$250,000,000,000 and counting
by Greg Heinz, Crains Chicago Business
That's a quarter-trillion dollars, which is how much Illinois pension debt now totals, according to Moody's—which also suggests that any improvement is fleeting.
Thanks to a roaring stock market, Illinois and its taxpayers aren't quite as deeply in a pension hole as they were. But with gross unfunded pension IOUs still running at nearly a quarter of a trillion dollars—just for the state alone—the Land of Lincoln continues to drown in red ink.
That's the bottom line of the latest annual look at the conditions of the government retirement systems in the 50 states by Moody's Investors Service.
Moody's uses a lower discount rate than others who monitor state debt, which tends to increase the size of Illinois' hole. Ergo, according to the bond-rating firm, Illinois' adjusted net pension liability as of June 30, 2018, stood at a cool $240.8 billion.
That's more than any other state, with California coming in second—its population is more than three times ours—at $230.8 billion and Texas coming in third at $132.8 billion.
Difficult as it is to fathom, Illinois’ figure actually was a little worse this time a year ago, topping $250 billion in unfunded liabilities. But according to Moody's, the whole reason for the decline was the market, which was really hot but lately has been pretty flat. With Illinois putting in only about two-thirds of what we need to hold even—Moody's "tread water" line—the hole probably already has resumed growing, it says.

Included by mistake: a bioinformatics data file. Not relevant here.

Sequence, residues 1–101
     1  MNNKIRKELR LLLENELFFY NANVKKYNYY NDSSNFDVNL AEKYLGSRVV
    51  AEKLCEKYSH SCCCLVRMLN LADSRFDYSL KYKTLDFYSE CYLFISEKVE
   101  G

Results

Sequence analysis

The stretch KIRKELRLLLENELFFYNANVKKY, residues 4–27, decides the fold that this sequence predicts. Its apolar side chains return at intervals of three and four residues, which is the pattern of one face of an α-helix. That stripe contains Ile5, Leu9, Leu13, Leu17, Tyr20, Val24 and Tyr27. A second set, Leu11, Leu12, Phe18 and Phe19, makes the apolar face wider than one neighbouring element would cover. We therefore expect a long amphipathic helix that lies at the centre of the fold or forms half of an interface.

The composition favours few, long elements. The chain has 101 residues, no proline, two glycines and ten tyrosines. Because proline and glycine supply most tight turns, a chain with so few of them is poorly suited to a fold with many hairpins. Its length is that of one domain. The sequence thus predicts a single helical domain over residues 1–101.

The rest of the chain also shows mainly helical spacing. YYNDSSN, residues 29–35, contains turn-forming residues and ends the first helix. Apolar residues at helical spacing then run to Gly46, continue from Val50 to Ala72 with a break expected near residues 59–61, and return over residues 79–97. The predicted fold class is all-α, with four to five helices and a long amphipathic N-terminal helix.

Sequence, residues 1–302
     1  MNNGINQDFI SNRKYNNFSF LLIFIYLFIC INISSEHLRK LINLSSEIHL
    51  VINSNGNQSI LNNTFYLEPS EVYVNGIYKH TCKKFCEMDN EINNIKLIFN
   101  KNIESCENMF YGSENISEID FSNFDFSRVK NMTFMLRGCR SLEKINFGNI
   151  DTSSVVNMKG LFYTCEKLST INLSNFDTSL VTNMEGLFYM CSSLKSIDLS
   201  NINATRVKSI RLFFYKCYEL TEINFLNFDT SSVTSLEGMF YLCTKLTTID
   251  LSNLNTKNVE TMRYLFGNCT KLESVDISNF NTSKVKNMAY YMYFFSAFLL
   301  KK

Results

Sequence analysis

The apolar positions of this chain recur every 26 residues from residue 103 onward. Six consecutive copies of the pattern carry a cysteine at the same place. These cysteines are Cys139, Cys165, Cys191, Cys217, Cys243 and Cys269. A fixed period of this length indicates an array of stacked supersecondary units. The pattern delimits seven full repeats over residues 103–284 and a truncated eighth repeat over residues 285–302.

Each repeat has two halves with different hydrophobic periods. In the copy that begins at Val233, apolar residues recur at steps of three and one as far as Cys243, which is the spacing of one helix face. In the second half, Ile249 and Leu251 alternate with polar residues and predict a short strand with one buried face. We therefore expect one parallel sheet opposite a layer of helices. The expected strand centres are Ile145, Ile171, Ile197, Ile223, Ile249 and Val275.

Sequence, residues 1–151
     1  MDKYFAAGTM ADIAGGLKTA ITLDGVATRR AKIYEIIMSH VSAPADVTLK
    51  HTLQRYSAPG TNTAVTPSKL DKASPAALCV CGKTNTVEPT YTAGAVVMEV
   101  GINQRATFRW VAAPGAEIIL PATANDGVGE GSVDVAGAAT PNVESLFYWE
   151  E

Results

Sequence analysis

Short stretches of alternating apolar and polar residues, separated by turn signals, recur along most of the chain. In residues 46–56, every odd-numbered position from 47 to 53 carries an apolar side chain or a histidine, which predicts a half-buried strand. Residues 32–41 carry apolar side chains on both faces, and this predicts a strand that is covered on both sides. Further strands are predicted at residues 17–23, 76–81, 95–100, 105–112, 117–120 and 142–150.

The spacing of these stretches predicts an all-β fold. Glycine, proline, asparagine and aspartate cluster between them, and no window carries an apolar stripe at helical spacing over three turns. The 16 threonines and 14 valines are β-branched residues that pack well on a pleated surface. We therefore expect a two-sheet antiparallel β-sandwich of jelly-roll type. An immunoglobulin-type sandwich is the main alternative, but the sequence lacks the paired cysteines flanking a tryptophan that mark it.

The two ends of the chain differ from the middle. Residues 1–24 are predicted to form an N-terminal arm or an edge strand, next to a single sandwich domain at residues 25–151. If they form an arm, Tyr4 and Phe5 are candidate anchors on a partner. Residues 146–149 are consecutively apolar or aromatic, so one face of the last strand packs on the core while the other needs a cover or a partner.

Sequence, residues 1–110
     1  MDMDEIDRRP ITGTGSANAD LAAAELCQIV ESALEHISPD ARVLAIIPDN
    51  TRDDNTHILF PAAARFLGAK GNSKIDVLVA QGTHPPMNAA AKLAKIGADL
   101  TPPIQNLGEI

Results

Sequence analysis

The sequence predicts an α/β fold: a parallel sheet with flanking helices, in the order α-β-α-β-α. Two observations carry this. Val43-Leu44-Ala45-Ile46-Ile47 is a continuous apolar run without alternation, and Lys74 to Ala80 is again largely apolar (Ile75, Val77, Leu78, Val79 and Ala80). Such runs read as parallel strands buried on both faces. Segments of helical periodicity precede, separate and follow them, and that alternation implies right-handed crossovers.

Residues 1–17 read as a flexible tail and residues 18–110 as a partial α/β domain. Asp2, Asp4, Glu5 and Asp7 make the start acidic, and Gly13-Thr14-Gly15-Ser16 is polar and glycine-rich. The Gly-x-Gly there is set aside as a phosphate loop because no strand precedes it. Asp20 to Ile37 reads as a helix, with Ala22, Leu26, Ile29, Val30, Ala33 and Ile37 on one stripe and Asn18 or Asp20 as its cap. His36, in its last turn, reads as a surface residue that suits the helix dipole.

The current hole is bad enough. According to the report, it represents 505 percent of own-source (non-federal) revenues, and has grown more than a quarter since fiscal 2014.
If there's a scintilla of good news in the report, it is that the good economy that has boosted investment returns also has boosted the income of state residents. Ergo, as a share of total state personal income, pension liabilities dropped from 36 percent to 33.2 percent in the most recent year.
When it comes to total state debt—total pensions, other retirement costs such as retiree health care, and general obligation bonds for infrastructure and other purposes—Illinois ranks second, at 38.2 percent of state GDP compared to Connecticut's 38.9 percent.
Keeping Illinois company in the high-debt category are New Jersey at 37.9 percent, Hawaii at 35.6 percent and Alaska at 30.6 percent. Every other state is below 30 percent.
Illinois lawmakers are expected to consider some modest changes to improve pensions in their veto session this fall, but they're likely to impact local systems rather than the five statewide systems covered in the Moody’s report. More on that later.